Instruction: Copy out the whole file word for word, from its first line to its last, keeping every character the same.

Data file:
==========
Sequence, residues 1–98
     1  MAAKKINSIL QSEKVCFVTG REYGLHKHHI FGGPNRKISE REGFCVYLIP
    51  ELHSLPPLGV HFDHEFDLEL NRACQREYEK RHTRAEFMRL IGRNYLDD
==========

Sequence, residues 1–98
     1  MAAKKINSIL QSEKVCFVTG REYGLHKHHI FGGPNRKISE REGFCVYLIP
    51  ELHSLPPLGV HFDHEFDLEL NRACQREYEK RHTRAEFMRL IGRNYLDD